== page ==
Details are still emerging about a high-speed police chase yesterday that ended with one suspect dead, four others in custody, and a Denver police officeridentified
as Robert Motyka hospitalized after a non-life-threatening gunshot wound. Speculation about what started the chase focuses on the death of an infant in Thornton. As for Motyka, he's among the officers named in a lawsuit over a much-publicized 2009 incident.
According to the Denver Police Department, officers received a dispatched bolo (the latter translates to "be on the lookout") from the Thornton PD for several individuals wanted in connection with what's described as a "domestic violence felony menacing incident."
A Thornton police spokesman tells 9News that one of the suspects allegedly threatened to shoot someone after finding out about the death of a baby, age four months, yesterday morning. However, the gun didn't fire, and the man in question split in a red Dodge pickup -- the very kind of vehicle noted in the bolo.
Just such a truck was spotted at around 3:15 p.m. near 42nd Avenue and Tejon Street. But when Denver police officers attempted to make a traffic stop, the DPD maintains that someone inside began firing a weapon in their direction.
This act triggered a chase during which numerous shots were fired from the truck -- one of which struck Officer Motyka, reportedly in the shoulder.
Motyka's injury didn't end the pursuit; it continued until the driver of the pickup lost control of the vehicle near 39th Avenue and Osage Street, crashing into a tree. Of the Dodge's five passengers, one was pronounced dead at the scene, three were captured immediately, and the other fled but was nabbed a short time later.
The police have not released names or photos of the suspects in the case, and neither has the DPD confirmed Motyka's identity. Once they do, it won't be the first time he's turned up in news stories.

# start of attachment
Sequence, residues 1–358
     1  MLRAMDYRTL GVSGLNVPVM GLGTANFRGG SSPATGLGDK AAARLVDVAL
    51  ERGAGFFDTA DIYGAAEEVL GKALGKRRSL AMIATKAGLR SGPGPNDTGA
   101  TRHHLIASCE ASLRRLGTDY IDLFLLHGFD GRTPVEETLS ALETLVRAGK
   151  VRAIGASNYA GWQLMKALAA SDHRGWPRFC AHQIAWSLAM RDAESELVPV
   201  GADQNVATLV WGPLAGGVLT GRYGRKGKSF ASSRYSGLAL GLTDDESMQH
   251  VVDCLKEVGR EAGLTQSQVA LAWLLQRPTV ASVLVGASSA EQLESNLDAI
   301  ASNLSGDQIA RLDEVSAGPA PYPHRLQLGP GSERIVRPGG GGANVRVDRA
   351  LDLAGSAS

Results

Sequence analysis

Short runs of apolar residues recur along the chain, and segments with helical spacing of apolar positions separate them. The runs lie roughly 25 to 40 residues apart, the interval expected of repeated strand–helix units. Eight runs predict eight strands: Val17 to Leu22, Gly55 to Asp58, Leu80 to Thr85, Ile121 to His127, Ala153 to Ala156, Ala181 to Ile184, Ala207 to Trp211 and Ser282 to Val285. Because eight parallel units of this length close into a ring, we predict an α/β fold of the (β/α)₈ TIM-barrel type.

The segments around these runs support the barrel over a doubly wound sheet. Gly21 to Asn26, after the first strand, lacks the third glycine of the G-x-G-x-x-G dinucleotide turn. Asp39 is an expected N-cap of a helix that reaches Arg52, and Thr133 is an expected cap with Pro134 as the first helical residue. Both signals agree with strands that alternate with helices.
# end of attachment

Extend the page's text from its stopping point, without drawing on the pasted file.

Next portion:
Continue for more about the police chase and Officer Robert Motyka, including a photo, documents and a video. Motyka is one of several DPD officers targeted by a January 2011 lawsuit filed by members of the Martinez family. As we wrote in a post from that month, the Martinezes weren't part of a criminal enterprise; indeed, several are players in a Mexican musical group. On a night in January 2009, however, a group of DPD officers, including Motyka, burst into their home, apparently based on outdated information. Several of the residents were roughed up and arrested in the confusion that followed.
Here's a synopsis of what took place from an ACLU letter to the Justice Department calling for a federal investigation of law enforcement practices in Denver:
The Martinez Family alleged that the officers began pounding on their door shortly after 11:00 pm, demanding that they open the door. When Daniel Martinez, Jr. opened the door slightly, the officers rushed into the house without consent or a warrant. Officer Valdez slammed Jonathan Martinez's head through a window and then pulled him outside of the house and slammed him onto the concrete to apply handcuffs. Officer Martinez pushed Daniel Martinez into the living room, pinned him against the sofa, and applied handcuffs. Officer Motyka punched Nathan Martinez in the face without any provocation. Officer Jackson forcefully dragged Daniel Martinez III from the house and slammed him into the concrete before applying handcuffs. All of the Martinez Family members were criminally charged. A jury acquitted Nathan Martinez and Daniel Martinez III on all charges. All of the charges against Daniel Martinez, Jr. and Jonathan Martinez were dropped.
We'll update this post with more information about yesterday's chase, as well as the current status of the Martinez lawsuit. In the meantime, here's a 9News video of the chase aftermath, followed by the aforementioned suit and the ACLU letter.
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More from our News archive: "Martinez family lawsuit: Members of Mexican band say Denver cops mistakenly beat them."